The death of a loved one is not something that you can easily get over. That challenge is made particularly more difficult if they passed away due to a tragedy. Hence it can be a heavy toll on the mental health of the survivors. These invisible wounds are just as deadly as physical ones. One example of this is PTSD, the symptoms of which may not appear until months or even years later.
Sadly, technology has yet to give a definitive cure for conditions that hurt the mental health of a person. However, technology has made it easier for those affected to seek help. Both Government and Private hospitals also have visiting psychiatrists or counselors. With apps like eChannelling or Doc990, you can easily place an appointment to seek help. Additionally, thanks to social media many other initiatives like the Ohana Project are also more accessible.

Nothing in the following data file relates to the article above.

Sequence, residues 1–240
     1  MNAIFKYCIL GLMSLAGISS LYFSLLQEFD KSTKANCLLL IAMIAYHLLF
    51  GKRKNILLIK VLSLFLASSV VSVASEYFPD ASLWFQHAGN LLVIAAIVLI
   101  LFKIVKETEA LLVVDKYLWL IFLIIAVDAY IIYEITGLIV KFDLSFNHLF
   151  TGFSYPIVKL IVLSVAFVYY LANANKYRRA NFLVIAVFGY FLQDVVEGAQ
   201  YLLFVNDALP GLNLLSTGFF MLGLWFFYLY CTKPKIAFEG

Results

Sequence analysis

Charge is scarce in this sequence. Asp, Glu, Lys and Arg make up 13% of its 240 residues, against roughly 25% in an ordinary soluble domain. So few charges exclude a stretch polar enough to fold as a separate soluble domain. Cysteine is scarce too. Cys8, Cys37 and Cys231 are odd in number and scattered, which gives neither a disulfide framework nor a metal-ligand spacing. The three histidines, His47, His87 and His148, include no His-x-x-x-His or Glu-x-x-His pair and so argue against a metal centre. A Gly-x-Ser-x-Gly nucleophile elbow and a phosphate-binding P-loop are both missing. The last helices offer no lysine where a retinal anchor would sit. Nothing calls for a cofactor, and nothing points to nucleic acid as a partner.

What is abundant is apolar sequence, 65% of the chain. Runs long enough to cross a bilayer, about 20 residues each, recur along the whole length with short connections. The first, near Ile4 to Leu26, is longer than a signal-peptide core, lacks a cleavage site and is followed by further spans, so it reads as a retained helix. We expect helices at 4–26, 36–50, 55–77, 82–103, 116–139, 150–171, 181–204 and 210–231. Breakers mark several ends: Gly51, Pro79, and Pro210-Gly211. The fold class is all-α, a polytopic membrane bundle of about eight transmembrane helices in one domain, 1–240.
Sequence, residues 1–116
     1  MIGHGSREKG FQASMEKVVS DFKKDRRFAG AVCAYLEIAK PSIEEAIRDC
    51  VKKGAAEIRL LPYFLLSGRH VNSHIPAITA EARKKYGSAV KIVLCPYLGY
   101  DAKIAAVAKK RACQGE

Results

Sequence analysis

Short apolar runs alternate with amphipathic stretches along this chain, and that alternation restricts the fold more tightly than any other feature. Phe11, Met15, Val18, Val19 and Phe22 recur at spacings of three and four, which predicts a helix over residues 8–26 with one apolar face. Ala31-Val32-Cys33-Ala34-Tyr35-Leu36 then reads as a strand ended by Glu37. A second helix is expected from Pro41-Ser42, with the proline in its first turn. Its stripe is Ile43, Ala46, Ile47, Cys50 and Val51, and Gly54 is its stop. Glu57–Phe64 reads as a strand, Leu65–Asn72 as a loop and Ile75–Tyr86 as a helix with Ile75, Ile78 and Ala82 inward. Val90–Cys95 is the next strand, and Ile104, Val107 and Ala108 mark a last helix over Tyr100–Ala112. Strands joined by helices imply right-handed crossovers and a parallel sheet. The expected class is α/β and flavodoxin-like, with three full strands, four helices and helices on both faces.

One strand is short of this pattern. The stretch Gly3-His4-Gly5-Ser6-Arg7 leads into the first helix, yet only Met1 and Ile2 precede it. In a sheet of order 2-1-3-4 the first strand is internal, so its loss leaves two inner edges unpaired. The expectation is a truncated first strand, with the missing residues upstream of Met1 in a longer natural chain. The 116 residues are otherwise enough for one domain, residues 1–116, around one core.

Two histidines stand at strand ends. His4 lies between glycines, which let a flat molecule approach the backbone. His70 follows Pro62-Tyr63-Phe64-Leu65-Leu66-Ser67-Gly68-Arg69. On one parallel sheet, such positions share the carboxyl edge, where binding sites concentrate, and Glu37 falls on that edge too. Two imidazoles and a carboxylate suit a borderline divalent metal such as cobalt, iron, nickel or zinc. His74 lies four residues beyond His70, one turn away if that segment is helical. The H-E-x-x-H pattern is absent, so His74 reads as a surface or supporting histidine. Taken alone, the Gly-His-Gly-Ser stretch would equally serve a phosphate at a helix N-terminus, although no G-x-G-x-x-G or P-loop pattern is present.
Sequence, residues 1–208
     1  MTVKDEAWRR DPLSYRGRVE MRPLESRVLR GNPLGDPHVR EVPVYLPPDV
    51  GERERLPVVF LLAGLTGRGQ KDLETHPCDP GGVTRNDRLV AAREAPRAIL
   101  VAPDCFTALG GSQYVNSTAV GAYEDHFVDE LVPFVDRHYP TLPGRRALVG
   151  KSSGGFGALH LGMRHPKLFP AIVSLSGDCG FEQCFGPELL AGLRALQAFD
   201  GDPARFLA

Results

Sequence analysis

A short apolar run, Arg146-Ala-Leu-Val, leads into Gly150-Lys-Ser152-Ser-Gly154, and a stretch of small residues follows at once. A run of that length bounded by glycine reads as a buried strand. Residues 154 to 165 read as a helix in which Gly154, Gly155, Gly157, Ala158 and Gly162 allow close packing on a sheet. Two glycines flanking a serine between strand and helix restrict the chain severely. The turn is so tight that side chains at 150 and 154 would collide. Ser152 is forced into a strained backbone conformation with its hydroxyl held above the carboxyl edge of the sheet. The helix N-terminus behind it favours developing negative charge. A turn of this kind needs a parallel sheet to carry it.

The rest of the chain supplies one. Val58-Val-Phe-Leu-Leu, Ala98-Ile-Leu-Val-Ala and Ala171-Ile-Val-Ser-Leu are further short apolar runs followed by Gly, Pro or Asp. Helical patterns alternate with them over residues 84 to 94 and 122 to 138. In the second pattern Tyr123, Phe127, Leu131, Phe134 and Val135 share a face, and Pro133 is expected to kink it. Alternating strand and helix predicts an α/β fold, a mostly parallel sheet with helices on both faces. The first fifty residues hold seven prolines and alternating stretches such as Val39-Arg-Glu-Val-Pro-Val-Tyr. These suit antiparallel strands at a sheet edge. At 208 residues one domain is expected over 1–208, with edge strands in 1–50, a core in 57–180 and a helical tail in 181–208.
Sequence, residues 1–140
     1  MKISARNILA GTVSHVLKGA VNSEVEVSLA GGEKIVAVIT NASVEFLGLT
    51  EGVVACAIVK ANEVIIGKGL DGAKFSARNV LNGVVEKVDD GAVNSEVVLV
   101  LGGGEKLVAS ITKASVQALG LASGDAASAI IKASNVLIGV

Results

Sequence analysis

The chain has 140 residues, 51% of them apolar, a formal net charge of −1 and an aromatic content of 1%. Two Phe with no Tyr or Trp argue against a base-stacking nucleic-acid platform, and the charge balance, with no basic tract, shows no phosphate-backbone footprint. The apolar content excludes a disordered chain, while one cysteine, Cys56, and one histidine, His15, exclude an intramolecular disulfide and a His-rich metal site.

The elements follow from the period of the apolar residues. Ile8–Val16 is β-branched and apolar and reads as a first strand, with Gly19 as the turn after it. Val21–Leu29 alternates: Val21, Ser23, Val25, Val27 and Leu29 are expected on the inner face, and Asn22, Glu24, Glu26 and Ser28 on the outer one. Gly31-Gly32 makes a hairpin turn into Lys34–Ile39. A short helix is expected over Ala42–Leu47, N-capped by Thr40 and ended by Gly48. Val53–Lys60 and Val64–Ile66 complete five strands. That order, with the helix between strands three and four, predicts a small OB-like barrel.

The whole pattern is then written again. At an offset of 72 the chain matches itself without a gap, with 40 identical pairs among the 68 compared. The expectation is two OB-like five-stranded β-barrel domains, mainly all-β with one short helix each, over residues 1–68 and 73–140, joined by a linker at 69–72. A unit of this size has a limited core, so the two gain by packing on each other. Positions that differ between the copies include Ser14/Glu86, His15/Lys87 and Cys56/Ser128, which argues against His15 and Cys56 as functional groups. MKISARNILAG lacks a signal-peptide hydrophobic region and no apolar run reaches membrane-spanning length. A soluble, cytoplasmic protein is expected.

But if we take into account the cost of professional treatment for the victims, we see that those in Colombo are more financially equipped to deal with these than those from Negombo or Batticaloa. For example, channeling a psychiatrist at a private hospital cost around LKR 2000-3000 via eChannelling.
Then you have the cost of the treatment itself which again comes in at around LKR 2,000 per prescription. Depending on how strong the treatment is, a patient might be asked to see the psychiatrist once or twice a week. Taking LKR 5,000 per visit as a baseline, that’s around LKR 10,000 per week and roughly LKR 40,000 per month.
Recovering from the Easter Sunday Bombings
As we saw with the Easter Sunday bombings, in many cases, those who lost their lives are breadwinners. Not only are the families of these people grieving, but they are also now financially unstable. This means that they have little or no income if their loved one was a victim of the tragedy. If the victim is an amputee, they might not be able to work until they can afford a prosthesis. Even then, they would need physical and mental support as well.